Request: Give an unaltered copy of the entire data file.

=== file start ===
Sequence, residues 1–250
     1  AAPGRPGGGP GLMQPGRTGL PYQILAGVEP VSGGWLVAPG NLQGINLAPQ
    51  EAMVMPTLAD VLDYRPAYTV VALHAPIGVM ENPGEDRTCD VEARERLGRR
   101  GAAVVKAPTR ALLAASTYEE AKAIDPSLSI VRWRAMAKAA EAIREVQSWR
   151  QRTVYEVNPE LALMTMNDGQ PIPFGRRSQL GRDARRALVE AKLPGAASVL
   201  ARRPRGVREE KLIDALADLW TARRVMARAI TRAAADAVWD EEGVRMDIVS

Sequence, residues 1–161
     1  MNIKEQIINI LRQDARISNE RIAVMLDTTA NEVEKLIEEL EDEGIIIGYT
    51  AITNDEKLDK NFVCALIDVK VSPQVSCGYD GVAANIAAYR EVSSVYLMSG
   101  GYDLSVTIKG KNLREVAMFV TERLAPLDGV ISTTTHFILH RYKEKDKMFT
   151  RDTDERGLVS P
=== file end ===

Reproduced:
Sequence, residues 1–250
     1  AAPGRPGGGP GLMQPGRTGL PYQILAGVEP VSGGWLVAPG NLQGINLAPQ
    51  EAMVMPTLAD VLDYRPAYTV VALHAPIGVM ENPGEDRTCD VEARERLGRR
   101  GAAVVKAPTR ALLAASTYEE AKAIDPSLSI VRWRAMAKAA EAIREVQSWR
   151  QRTVYEVNPE LALMTMNDGQ PIPFGRRSQL GRDARRALVE AKLPGAASVL
   201  ARRPRGVREE KLIDALADLW TARRVMARAI TRAAADAVWD EEGVRMDIVS

Sequence, residues 1–161
     1  MNIKEQIINI LRQDARISNE RIAVMLDTTA NEVEKLIEEL EDEGIIIGYT
    51  AITNDEKLDK NFVCALIDVK VSPQVSCGYD GVAANIAAYR EVSSVYLMSG
   101  GYDLSVTIKG KNLREVAMFV TERLAPLDGV ISTTTHFILH RYKEKDKMFT
   151  RDTDERGLVS P